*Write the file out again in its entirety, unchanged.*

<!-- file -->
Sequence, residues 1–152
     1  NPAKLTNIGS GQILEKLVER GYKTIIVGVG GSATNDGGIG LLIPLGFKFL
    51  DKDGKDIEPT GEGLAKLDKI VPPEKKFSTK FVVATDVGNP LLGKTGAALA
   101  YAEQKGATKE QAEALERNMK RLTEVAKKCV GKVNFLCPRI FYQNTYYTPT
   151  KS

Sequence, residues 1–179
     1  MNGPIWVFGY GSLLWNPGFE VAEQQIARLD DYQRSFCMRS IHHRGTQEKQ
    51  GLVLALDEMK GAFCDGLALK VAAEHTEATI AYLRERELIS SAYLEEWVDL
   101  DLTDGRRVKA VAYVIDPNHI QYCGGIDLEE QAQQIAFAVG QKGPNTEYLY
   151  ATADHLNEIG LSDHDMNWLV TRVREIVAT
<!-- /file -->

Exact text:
Sequence, residues 1–152
     1  NPAKLTNIGS GQILEKLVER GYKTIIVGVG GSATNDGGIG LLIPLGFKFL
    51  DKDGKDIEPT GEGLAKLDKI VPPEKKFSTK FVVATDVGNP LLGKTGAALA
   101  YAEQKGATKE QAEALERNMK RLTEVAKKCV GKVNFLCPRI FYQNTYYTPT
   151  KS

Sequence, residues 1–179
     1  MNGPIWVFGY GSLLWNPGFE VAEQQIARLD DYQRSFCMRS IHHRGTQEKQ
    51  GLVLALDEMK GAFCDGLALK VAAEHTEATI AYLRERELIS SAYLEEWVDL
   101  DLTDGRRVKA VAYVIDPNHI QYCGGIDLEE QAQQIAFAVG QKGPNTEYLY
   151  ATADHLNEIG LSDHDMNWLV TRVREIVAT